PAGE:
Volkswagen Eos Forum banner

1 - 3 of 3 Posts

·
Registered
Joined
·
5,992 Posts
Discussion Starter #1 (Edited)
This question popped up and some saying they had gaps like MY07 or bigger. We concluded that as long as the side members are fully locked, any gap seen however ugly to look at was a common EOS 'feature'.

I can now explain this:
Each side member trim is held by seals on the outside, 3 pegs and two torx screws fixing through brackets at the rear of the trim. The trim cover is a cunning piece of ABS to remove. Towards the front are 2 white 8mm door card type pegs that run in slots in the trim and push into a hole in the side member assembly. The third peg catches you out because it's a solid fixed steel peg that also slides in a slot (in the opposite direction!) about half way along the trim capping. At the far rear end are 2 torx screws fastening through brackets that are also slotted.

Therefore, the entire length of this side member capping can be moved forwards and back once the two rear screws are slackened. To access these screws (I've marked mine in yellow) you have to drop the headlining from the front, but only as far as the center retaining bar. Unfortunately, the length once moved forwards or back either leaves a gap at the rear and closure at the front, or a big gap at the front and no gap at the rear.

My personal preference is for not much gap where the capping trim meets the 'A' pillar, and a larger gap at the rear which you don't often look at. If you have large gaps at the 'A' pillar, experiment by moving the trim cover. It may be stiff and it helps to have a bag full of the press in clips (Fleabay) just in case they break.

22285


22286


22287
 

·
Registered
Joined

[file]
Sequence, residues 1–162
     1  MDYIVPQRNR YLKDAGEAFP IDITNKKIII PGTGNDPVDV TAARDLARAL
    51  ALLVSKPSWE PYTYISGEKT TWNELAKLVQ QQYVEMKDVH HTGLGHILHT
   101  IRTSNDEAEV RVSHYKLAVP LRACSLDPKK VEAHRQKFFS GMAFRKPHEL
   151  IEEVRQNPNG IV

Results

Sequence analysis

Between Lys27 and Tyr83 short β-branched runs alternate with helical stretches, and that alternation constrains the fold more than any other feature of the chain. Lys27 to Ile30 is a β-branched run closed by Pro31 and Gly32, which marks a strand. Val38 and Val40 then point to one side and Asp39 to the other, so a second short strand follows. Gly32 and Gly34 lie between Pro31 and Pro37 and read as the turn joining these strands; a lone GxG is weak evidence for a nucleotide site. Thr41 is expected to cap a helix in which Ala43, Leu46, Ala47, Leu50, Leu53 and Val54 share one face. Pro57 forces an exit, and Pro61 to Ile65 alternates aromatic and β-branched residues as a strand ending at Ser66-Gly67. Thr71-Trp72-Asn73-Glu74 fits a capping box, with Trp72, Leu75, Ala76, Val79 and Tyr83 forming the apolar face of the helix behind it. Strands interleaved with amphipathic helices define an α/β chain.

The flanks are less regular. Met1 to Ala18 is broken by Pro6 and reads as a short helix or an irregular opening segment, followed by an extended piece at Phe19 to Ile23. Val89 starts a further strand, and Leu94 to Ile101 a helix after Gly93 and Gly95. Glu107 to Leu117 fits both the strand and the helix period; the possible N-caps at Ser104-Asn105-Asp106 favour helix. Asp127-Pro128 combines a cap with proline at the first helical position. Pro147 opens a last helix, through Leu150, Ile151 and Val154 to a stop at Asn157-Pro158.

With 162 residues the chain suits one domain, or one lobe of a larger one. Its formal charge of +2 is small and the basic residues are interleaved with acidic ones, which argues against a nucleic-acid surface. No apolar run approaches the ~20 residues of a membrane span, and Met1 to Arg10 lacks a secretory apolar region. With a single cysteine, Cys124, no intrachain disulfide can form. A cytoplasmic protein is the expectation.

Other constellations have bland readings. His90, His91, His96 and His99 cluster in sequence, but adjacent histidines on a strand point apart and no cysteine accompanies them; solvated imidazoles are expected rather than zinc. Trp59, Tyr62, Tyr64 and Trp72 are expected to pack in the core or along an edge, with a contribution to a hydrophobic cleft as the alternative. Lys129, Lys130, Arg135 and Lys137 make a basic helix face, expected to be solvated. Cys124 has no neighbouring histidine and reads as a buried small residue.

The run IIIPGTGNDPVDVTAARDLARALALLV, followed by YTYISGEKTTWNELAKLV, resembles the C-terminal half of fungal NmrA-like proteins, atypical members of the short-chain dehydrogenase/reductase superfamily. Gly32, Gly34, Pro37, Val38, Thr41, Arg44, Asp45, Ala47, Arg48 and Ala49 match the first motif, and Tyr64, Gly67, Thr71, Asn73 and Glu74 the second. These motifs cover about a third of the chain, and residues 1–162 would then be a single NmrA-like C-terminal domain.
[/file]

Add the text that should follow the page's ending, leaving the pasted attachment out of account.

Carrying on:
·
13 Posts
I just ran across this post after posting about a recently-developed gap seen from the interior of my Eos. Just to clarify, are you saying that the gap is just an aesthetic issue and would not be a cause of water leaking in at the top of the A-pillar? Thanks.
 

·
Registered
Joined
·
5,992 Posts
Discussion Starter #3 (Edited)
It's aesthetic. The important roof metal parts should be together and locked without a gap against the 'A' pillar - check if you aren't sure? This usually means the curved seal at the front of the top roof section is hard up against the 'A' pillar frame? The way the top front roof locks work is they hook over the roller keep and rotate pulling the parts together with quite a lot of hydraulic force. I doubt you will have a gap there.

However, The painted top roof section you look at from the outside with seals fitted, which most call the roof seals, are heavy duty 'covers' bolted over the roof hinge mechanism. They are an integral part of safety protection in the event of a rollover. Although there is not much written about them, or documented in V.W procedures, they do have some alignment. But this is extremely critical and not really for DIY because it affects not just the front edge of the seal but the long seal all the way back to the rear quarters. I succeded in working with these top roof sections, but there is a huge amount of time spent going to and fro checking seal gaps on BOTH sides, whilst making adjustments and using creative methods not described in V.W texts. You could to start with a small water drip at the 'A' pillar seal connection and end up with a bigger leak through the sunroof or rear quarters! Maybe a recently trained EOS roof technician has more info about them than me, I don't know? There are some weasel words in the shop manual to give a customer bad news if seal leaks to the sunroof are found, stuff about replacing seals which probably won't last, but nothing about the important alignment of the top roof sections AFIK.

This reply is really about the long trim cover that needs positioning to reduce the gap because others claimed they had larger gaps than me. V.W could have made the trim cover 5-10mm longer, but my suggestion is move it forwards to make the front gaps less horrible and put up with a larger gap at the rear.
 
1 - 3 of 3 Posts
Top